Computer Crime Research Center


Let's Get Serious About Cybersecurity

Date: October 19, 2004

Last week, there were two stories that indicated how complacency is abroad and well in both the business and Government environments. The SysAdmin, Audit, Network Security (SANS) Institute specializes in information security training and certification. Last week in London, it unveiled its SANS Top-20 2004 on the most critical Internet threats facing organizations at a conference held at the Department of Trade and Industry, noting that on-line extortion was widespread.

Alan Paller, director of Research, said that 6,000 to 7,000 organizations were paying out, and that the epidemic was growing. He said that the problems were not publicized because people were too embarrassed to talk about getting caught out. The other report that caught my attention concerned the departure of the latest U.S. Cybersecurity Chief. Amit Yoran, formerly an executive with Symantec Corp., was the third holder of the post to depart in less than two years.

The post was incorporated into the Department of Homeland Security, which on the face of things was the logical place for it. However, instead of reporting to Tom Ridge, who is in charge of the department, the post was downgraded. This compares very unfavorably to when Richard Clarke held the post; he was a special adviser to the President.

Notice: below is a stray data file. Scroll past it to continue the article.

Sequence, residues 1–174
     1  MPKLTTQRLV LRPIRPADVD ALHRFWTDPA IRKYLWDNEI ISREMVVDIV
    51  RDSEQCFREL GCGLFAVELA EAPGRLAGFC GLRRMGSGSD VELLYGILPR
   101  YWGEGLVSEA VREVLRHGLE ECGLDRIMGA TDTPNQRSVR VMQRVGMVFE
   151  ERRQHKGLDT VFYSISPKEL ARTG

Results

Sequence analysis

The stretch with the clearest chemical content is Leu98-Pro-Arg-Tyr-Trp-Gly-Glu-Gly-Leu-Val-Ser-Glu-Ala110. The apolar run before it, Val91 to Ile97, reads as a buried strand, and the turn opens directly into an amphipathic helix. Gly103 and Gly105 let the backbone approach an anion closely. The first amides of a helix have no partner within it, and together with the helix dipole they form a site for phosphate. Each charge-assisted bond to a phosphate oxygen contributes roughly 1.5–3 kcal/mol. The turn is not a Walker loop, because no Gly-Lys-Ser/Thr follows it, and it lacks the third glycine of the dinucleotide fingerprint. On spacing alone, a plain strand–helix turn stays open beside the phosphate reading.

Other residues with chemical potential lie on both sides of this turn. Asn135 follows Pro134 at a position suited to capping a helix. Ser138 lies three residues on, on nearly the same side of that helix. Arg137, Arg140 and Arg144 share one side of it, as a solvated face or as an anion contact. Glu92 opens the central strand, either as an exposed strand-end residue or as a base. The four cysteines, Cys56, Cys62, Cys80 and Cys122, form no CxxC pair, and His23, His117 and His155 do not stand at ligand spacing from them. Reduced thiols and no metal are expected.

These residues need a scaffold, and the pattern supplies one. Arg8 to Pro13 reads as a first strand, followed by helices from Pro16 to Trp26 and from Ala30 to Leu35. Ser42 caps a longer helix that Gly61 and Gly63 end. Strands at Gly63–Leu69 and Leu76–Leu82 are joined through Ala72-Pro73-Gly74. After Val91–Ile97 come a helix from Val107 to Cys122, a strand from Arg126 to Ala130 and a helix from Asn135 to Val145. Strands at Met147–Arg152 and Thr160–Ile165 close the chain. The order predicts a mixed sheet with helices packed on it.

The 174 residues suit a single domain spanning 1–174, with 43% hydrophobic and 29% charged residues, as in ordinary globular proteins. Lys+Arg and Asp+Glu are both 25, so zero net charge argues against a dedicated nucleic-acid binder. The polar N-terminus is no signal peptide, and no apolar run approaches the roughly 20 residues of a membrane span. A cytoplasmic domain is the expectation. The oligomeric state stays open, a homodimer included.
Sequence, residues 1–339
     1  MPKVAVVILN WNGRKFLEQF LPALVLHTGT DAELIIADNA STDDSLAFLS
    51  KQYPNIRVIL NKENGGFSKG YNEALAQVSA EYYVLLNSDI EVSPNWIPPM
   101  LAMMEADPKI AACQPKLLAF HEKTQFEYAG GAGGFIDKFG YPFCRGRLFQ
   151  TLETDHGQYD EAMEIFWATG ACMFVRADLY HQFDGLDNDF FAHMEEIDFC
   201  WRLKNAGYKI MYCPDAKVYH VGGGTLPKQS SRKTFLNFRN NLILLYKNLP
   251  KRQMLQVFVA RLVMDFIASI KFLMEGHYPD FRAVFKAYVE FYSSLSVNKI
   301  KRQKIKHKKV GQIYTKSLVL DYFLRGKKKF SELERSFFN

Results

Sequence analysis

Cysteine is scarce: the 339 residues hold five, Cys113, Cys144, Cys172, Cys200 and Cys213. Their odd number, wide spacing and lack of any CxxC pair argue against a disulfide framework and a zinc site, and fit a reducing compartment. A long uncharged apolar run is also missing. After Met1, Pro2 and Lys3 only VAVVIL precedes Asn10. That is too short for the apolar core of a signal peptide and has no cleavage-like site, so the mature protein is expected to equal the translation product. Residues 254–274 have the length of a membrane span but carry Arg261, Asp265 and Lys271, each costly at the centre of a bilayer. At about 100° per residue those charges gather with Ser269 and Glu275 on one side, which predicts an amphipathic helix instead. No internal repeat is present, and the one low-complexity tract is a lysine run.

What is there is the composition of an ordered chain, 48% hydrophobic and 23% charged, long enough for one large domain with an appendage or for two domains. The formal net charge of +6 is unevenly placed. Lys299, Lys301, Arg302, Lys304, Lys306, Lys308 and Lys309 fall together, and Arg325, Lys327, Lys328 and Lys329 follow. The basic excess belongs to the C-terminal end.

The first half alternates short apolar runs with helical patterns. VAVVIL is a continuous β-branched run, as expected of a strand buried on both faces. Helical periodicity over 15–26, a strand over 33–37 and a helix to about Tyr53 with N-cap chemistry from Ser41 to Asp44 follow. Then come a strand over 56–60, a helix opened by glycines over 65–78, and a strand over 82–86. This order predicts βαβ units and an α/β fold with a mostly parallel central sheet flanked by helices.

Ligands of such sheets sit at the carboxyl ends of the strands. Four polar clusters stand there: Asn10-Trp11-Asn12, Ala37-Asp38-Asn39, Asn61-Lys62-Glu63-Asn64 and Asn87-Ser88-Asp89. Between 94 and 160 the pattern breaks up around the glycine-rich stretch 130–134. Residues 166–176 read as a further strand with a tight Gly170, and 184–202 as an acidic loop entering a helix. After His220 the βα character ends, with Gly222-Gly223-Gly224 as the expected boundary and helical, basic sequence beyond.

The SANS Top-20 2004 comprises the 10 most commonly exploited vulnerable services in Windows and the 10 most commonly exploited vulnerable services in Unix and Linux. The organization says that the many security incidents each year that affect these operating systems are mainly targeted at one or more of these vulnerable services.

According to SANS, one example is that every on-line gambling site is paying extortion to hackers who use Denial of Service attacks and then demand money to refrain from doing it again. Without the sharing of information about such attacks because of embarrassment, this surely results in vulnerabilities remaining open for hackers and criminals to continue to carry out their extortion and cause mayhem. After 9/11, the U.S. Government appeared to be taking the threat of cyberterrorism very seriously.

However, back in early 2003, the former special adviser to President Bush, Richard Clarke, warned that there was no top-level official in the Administration that was responsible full-time for the protection of the U.S. information infrastructure. It appears that the protection of cyberspace has been overshadowed by the protection of physical infrastructure in the Department of Homeland Security. Of course, some point to the impending U.S. election as a reason for the lack of attention to cybersecurity, as the protection of the information infrastructure does not have the same public appeal at the ballot box as other, more immediately vote-worthy, matters.


Unless we are members of either the criminal or terrorist communities, it is in all our interests that information about vulnerabilities are shared, and that governments take all possible steps to protect cyberspace.

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